MacBook Pro 14 keyboard and touchpad
This might be the best iteration of the Magic Keyboard to date. Typing on the MacBook Pro 14’s keyboard was a comfortable experience as the keys had springy feedback with just the right amount of click. I hit 73 words per minute on the 10fastfingers test which is slightly above my normal 70 wpm average. The black anodized aluminum well looks good against the black keys and helped play up the backlighting as I worked on my review as the room got increasingly darker due to the impending sunset.
And while we’re talking about the keyboard, let’s say farewell to the Touch Bar, which truth be told, was a fun novelty to look at and play with occasionally. But let’s be honest, very few of us ever used it. Instead, Apple brought back the Fn key row, which with the new Do Not Disturb, Dictation and Spotlight keys, I’ll be getting a lot more use out of.
As usual, the Force Touch trackpad is absolutely massive, taking quite a bit of the palm rest. The trackpad is smooth to the touch and offers rapid, responsive action. The bottom corners have just enough give to make for a pleasant click.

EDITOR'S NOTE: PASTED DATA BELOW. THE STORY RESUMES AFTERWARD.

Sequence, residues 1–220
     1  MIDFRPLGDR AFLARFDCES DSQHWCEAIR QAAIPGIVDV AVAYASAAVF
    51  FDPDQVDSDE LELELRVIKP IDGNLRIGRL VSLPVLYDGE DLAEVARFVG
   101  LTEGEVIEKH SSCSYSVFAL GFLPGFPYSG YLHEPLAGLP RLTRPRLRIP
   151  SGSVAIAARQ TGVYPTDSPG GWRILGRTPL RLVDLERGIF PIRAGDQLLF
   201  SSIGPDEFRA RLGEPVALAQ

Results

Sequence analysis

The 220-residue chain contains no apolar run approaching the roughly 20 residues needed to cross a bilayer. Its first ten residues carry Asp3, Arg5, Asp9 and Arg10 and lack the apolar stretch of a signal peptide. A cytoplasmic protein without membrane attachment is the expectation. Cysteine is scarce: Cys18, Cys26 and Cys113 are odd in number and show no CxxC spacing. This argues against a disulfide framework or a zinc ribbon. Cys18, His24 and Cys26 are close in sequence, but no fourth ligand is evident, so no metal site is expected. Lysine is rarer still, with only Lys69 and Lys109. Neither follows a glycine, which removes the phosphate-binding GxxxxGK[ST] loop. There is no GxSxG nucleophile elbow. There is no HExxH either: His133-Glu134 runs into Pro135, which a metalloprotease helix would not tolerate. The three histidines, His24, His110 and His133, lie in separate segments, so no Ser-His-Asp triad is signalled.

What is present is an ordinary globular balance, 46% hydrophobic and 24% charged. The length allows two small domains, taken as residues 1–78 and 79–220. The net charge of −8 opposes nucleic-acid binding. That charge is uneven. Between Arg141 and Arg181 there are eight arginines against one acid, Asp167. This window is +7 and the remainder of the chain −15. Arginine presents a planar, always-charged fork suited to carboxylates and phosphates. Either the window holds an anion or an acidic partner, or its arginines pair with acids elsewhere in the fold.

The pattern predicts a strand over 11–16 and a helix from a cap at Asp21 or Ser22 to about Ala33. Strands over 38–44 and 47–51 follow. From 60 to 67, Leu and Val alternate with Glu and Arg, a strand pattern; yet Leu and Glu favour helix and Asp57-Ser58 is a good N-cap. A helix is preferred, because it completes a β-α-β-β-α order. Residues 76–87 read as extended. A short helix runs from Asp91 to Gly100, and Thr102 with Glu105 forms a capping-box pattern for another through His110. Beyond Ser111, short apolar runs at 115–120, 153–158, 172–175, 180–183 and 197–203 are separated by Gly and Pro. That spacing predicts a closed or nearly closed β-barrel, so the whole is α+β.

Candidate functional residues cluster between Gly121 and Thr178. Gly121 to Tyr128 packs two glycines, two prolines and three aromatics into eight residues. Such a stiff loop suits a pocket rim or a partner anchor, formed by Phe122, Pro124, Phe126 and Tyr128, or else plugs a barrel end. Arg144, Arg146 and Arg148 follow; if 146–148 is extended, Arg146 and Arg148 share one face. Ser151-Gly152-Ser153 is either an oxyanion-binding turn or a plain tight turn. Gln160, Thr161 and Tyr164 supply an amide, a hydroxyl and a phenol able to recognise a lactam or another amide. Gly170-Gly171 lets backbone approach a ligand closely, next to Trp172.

MacBook Pro 14 performance
Ah, now we’re getting to the crux of the issue, the new and highly acclaimed (at least by Apple) M1 Pro CPU. While this new chip can be considered mid-tier in the M1 line, it’s by no means a slouch, especially with a 10-core processor, 16-core graphics chip and a 16-core Neural Engine, 32GB of RAM, a 1TB SSD. And while the Neural Engine does the bulk of the machine loading work, for this review, I’ll be focusing on the CPU and GPU.
Starting with the processor, I tried slowing it down with my usual workload –– about 70 open tabs of Google Chrome. However, instead of just a myriad of Google Docs, Sheets and Presentations along with TweetDeck, Spotify, Slack and Discord and some news stories, I queued up a few YouTube videos and Twitch streams. The MacBook Pro didn’t even blink.
The powerhouse continued to punch through everything I could throw at it, conquering the synthetic Geekbench 5.4 overall performance test. The MacBook Pro 14 achieved an incredible 12,477, outright demolishing the 4,906 premium laptop average. The competition fared no better. The XPS 15 (Intel Core i7-11800H CPU) with the Blade 14 (AMD Ryzen 9 5900HX CPU) right on its heels with 7,471 while the Studio (Intel Core i7-11370H CPU) only managed 5,820.